What a shocking bad hat!

Rummaging around the seldom-less-than-fascinating AskHistorians subreddit the other day turned up a question about the line “Who are you?” in Alice in Wonderland, the answer leading to Charles Mackay’s 19th century Extraordinary Popular Delusions and the Madness of Crowds that documents it as “… a phrase repeated with delight, and received with laughter, by men with hard hands and dirty faces, by saucy butcher lads and errand-boys, by loose women, by hackney coachmen, cabriolet-drivers, and idle fellows who loiter at the comers of streets. Not one utters this phrase without producing a laugh from all within hearing. It seems applicable to every circumstance, and is the universal answer to every question ; in short, it is the favourite slang phrase of the day, a phrase that, while its brief season of popularity lasts, throws a dash of fun and frolicsomeness over the existence of squalid poverty and ill-requited labour”.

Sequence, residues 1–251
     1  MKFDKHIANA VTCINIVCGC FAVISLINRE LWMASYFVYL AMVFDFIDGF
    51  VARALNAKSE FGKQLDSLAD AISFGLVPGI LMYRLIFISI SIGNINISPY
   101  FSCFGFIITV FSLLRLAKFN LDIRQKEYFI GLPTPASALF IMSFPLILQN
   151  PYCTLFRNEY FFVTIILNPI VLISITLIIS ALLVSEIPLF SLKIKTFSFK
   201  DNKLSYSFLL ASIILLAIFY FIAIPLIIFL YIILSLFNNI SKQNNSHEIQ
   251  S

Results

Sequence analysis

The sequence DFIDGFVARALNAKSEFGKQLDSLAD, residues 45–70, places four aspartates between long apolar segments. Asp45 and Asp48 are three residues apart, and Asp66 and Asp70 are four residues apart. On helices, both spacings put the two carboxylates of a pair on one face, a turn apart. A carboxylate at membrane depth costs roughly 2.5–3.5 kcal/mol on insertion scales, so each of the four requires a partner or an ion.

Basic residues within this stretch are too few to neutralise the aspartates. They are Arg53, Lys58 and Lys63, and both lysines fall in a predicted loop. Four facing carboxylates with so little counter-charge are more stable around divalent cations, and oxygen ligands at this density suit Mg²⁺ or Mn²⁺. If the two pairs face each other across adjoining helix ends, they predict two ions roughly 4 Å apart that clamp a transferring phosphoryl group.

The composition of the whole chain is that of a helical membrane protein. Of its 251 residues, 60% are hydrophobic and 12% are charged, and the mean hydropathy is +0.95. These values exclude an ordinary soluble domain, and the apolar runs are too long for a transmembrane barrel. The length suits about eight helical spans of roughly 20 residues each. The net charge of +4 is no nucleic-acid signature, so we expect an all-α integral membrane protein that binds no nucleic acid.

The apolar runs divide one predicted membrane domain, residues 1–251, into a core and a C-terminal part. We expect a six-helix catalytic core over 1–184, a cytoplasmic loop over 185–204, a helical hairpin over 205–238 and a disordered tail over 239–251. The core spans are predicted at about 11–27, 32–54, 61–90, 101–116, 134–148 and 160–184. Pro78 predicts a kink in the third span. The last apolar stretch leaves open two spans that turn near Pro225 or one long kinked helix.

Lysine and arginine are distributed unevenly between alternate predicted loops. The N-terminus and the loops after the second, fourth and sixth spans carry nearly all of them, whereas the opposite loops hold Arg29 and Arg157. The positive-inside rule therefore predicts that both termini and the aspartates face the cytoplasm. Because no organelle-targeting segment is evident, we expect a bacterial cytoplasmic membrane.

Mackay details a number of other phrases that swept through London, all the rage one moment then rapidly replaced. I rather like “Quoz!”, it has the sound of sci-fi swearing along the lines of “frak” and “smeg”. “Walker!” was common enough to be exclaimed to Scrooge at the end of A Christmas Carol but seems a bit mundane compared to “Does your mother know you’re out?”, “There he goes with his eye out!”, or the short-lived “Has your mother sold her mangle?” (one for Arthur Atkinson there).

My favourite, though, which I think deserves a revival is “What a shocking bad hat!” Attributed by Mackay, possibly apocryphally, to a hatter seeking election who tried to sway voters with the line “What a shocking bad hat you have got; call at my warehouse, and you shall have a new one!” The hatter was hoist by his own millinery-petard when crowds drowned out his attempted speeches with “What a shocking bad hat!”, and the phrase rapidly spread so that “thousands of idle but sharp eyes were on the watch for the passenger whose hat shewed any signs, however slight, of ancient service. Immediately the cry arose, and, like the war-whoop of the Indians, was repeated by a hundred discordant throats.”